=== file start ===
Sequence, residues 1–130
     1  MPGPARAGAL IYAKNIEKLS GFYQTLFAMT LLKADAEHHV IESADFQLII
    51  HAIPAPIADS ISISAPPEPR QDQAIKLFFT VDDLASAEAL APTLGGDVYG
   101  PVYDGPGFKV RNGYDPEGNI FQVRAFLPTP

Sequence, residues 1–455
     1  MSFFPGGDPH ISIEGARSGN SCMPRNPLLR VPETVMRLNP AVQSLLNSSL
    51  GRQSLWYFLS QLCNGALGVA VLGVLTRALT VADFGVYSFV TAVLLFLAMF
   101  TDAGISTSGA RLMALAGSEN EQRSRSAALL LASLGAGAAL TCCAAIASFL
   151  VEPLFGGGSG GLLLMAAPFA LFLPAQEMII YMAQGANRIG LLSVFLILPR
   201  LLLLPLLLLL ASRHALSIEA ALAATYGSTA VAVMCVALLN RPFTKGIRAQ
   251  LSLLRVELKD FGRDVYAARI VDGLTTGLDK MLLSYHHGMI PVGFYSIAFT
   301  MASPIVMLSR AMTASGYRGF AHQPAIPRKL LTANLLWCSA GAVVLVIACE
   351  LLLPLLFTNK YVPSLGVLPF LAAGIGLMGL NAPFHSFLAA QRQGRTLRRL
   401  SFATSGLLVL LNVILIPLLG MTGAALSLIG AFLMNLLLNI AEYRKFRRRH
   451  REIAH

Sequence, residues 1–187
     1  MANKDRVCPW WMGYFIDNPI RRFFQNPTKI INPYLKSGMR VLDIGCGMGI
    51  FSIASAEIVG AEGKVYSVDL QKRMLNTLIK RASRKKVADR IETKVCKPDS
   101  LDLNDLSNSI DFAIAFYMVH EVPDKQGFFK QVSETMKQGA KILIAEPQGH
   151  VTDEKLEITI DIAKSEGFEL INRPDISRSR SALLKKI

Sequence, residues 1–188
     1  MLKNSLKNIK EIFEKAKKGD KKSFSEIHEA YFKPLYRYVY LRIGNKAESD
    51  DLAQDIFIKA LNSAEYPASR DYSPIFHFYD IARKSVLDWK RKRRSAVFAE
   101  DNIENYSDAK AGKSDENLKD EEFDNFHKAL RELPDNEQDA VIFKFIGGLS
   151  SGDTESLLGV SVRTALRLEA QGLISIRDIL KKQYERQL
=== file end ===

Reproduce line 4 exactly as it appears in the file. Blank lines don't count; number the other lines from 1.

   101  PVYDGPGFKV RNGYDPEGNI FQVRAFLPTP